Astronomy Picture of the Day

Discover the cosmos! Each day a different image or photograph of our fascinating universe is featured, along with a brief explanation written by a professional astronomer.

2000 October 29

Microwave Hotspots: The Oldest Structures Known

Explanation: These spots are the oldest, most distant structures known. They are seen on the above two images of the microwave sky, north and south of our galaxy's equator, based on four-year's worth of data from NASA's COsmic Background Explorer (COBE) satellite (1989-1993). The spots represent temperature variations in the early universe. As our universe expanded and cooled, conglomerations of mass formed. These COBE images confirmed that only a million years after the big-bang - which occurred roughly 15 billion years ago - parts of the universe were visibly hotter than other parts. By studying the size and distribution of the spots found on the microwave background, astronomers hope to learn what matter and processes caused the spots to form - and hence determine the composition, density, and future of our Universe. Results from recent measurements of the cosmic microwave background are consistent with a universe stranger than previously thought, possibly filled with unexpected forms of dark matter and dark energy. A more detailed analysis might result after NASA's Microwave Anisotropy Probe is launched in 2001.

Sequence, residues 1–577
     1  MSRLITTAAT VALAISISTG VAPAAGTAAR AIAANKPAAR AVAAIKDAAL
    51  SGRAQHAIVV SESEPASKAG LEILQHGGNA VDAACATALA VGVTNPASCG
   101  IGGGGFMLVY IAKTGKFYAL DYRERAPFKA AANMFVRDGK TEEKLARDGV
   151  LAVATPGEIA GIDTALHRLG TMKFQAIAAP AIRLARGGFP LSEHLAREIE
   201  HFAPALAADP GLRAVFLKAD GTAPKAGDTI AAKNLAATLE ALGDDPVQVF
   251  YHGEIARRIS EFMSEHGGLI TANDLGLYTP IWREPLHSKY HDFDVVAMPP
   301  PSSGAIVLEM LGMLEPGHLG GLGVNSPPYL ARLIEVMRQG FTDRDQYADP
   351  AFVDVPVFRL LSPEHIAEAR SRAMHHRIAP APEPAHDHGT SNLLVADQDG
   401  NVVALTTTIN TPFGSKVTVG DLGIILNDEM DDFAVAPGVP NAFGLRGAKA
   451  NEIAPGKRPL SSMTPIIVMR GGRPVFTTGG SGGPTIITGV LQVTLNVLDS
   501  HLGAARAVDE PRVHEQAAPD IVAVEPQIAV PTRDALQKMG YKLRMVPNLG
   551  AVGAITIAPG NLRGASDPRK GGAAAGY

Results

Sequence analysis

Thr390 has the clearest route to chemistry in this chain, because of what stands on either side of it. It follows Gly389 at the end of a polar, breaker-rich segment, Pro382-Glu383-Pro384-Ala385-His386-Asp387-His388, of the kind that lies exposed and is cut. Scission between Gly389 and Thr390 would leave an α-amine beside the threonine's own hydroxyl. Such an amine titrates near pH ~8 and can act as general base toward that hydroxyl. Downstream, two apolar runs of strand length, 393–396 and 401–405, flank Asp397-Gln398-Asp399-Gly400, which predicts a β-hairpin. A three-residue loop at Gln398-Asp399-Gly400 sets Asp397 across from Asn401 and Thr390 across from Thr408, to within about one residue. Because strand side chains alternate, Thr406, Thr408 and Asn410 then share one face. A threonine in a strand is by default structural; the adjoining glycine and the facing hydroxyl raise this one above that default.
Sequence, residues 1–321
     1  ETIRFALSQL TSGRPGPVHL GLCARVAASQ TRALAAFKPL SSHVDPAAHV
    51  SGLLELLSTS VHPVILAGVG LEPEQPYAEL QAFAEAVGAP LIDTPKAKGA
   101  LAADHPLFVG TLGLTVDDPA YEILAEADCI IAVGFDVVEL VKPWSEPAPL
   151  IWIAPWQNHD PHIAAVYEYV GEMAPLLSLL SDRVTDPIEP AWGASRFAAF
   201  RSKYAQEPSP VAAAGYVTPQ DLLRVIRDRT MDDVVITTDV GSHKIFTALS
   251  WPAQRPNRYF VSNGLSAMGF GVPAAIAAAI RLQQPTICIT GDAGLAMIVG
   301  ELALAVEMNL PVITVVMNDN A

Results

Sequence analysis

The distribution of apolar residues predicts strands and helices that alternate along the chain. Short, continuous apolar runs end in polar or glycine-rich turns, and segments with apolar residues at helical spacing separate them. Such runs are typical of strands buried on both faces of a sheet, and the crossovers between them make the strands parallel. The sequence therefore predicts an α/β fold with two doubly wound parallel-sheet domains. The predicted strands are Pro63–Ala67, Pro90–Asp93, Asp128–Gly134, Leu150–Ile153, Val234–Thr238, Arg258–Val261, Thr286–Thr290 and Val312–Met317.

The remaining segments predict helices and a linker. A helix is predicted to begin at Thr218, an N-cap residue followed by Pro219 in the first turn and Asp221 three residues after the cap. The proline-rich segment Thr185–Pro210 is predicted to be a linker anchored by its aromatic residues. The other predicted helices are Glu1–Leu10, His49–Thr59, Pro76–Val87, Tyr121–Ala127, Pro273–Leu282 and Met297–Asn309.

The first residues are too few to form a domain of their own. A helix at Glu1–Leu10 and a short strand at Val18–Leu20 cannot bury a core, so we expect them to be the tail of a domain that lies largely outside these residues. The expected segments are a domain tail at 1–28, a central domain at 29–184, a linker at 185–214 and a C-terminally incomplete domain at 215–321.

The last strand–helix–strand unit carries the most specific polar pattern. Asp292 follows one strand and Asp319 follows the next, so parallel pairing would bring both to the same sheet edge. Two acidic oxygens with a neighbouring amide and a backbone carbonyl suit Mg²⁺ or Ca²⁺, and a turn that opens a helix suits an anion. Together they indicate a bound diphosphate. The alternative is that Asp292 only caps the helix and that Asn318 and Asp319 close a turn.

Tomorrow's picture: Ripples of Gravity

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Authors & editors: Robert Nemiroff (MTU) & Jerry Bonnell (USRA)
NASA Technical Rep.: Jay Norris. Specific rights apply.
A service of: LHEA at NASA/GSFC
& Michigan Tech. U.